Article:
A Brave Man’s Race Around Africa
Last April, Johannesburg-born endurance athlete Gaven Sinclair returned from a 4 000km trail run across South Africa, Mozambique, Botswana and Namibia. The adventure took the 45-year-old seven months to complete, given minimal logistical necessities and budget and on the terrain he would cover, and he tackled it alone and unsupported. Why? To help fund an organisation that traces missing children.
It wasn’t Sinclair’s first solo adventure for this cause. Before that, he had cycled from Cape Town to Cairo; and although it’s been only a matter of months since he completed his mammoth run, he’s already begun to prepare for a 300km ocean swim off the coast of Mozambique. Together, all three of his adventures will make up the longest triathlon in the world.
Let’s be honest: most of us couldn’t even fathom running that far. Not only would you need the right physiology and endless hours of training; you’d also have to be willing to undertake serious risk, and give up a lot that most people take for granted.
Why does Sinclair feel compelled to embark on these adventures, when there are less extreme ways of raising money for charity?
Fearless and selfless
Sinclair grew up on the outskirts of Johannesburg, far from the city.
“When I was five years old, my parents bought me a small-scale scrambler, an off-road bike with automatic gears,” Sinclair recalls. “The moment I realised what the throttle allowed me to experience and feel, I was drawn to the adrenaline high.”
That was Sinclair’s first real taste of adventure. He subsequently tried other extreme sports: mountain biking, motocross, BMX racing, road racing and cross-country running.
“Through fearlessness, I began to understand the relationship between my perceived limitations and what I was actually capable of achieving.”
Sinclair spent 18 years working in the corporate sector, and in his early 20s he was a managing member of a small business and a partner in a magazine called Night Life. But this didn’t satisfy him for long. Six years ago, he left financial security behind to focus on life coaching and motivational speaking, and became a self-described ‘professional adventurer’.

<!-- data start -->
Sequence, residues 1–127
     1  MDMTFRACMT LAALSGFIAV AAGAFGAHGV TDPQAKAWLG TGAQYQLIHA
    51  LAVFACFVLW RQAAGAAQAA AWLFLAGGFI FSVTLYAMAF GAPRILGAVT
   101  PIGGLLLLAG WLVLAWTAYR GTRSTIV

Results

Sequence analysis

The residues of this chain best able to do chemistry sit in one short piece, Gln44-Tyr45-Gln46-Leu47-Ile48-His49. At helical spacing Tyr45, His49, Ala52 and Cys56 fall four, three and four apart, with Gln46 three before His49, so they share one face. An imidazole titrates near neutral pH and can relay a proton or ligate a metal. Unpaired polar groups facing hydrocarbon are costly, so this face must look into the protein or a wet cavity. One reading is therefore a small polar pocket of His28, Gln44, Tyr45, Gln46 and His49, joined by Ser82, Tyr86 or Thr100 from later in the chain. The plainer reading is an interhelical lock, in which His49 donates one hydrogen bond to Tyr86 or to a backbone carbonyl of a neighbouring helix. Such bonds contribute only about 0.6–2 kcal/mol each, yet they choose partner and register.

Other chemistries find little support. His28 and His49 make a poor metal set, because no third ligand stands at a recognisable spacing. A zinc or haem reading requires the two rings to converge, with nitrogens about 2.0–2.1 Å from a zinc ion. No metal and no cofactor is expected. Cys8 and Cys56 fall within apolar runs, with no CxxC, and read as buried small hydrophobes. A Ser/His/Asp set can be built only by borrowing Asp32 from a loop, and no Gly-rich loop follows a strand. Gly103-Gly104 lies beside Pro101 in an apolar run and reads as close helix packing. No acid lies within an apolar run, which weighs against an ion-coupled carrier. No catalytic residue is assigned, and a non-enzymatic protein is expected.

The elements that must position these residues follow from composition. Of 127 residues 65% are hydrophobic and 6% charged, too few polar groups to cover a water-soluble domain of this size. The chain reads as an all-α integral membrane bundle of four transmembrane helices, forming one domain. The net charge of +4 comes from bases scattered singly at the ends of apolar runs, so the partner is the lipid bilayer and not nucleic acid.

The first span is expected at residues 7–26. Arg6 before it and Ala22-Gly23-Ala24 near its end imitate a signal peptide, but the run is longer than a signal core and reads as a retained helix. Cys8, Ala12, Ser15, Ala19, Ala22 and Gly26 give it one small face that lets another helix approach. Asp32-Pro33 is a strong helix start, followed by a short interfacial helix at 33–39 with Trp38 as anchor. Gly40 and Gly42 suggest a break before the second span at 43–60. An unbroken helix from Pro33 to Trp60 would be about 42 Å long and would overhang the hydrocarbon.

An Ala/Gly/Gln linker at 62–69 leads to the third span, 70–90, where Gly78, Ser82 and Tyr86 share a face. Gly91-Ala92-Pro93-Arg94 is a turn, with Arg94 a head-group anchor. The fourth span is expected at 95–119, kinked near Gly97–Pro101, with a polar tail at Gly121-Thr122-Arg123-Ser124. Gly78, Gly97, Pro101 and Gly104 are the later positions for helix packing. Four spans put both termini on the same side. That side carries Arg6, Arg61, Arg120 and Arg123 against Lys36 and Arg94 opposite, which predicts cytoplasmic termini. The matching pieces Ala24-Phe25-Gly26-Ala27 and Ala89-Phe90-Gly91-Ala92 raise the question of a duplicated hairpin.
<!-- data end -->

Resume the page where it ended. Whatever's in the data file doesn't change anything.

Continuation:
In preparation for his 4 000km run, Sinclair did resistance training on the beach, which involved running while pulling a tyre, or while carrying a 10kg weight on his shoulders.
To him, mental preparation is as important as physical preparation. He broke the total distance down into shorter daily sections that were no more daunting than the social forest runs he had done with his friends on Sundays. Sinclair says he also ‘reverse-engineered’ his challenge, meaning he pictured having already completed his adventure before he’d even started it, and therefore believed his achievement to be real. Both of these techniques made the task seem less overwhelming.
“In my opinion, the key to solo adventuring is to plan less; instead, trust your intuition and instinct during the actual adventure,” says Sinclair. “It’s also a good idea to ask the advice of locals who know the areas you’re running through.”
Sinclair’s adventures mean he’s away from his family and friends for up to nine months of the year. One has to wonder if he is sacrificing his relationships.
“My close friends and family know adventure is in my blood,” he says. “Sometimes people worry. But my loved ones have got used to my adventures. They’re proud of me, and support what I do.”
For the last four years Sinclair has been an official ambassador for the charity Missing Children South Africa (MCSA), which assists the authorities to find missing children via social media and awareness projects. He uses his adventures as a platform to give back by raising funds for and awareness of the organisation.
“Though I don’t have children of my own, I love kids, and it made perfect sense at the time to focus my energy on those who are vulnerable.”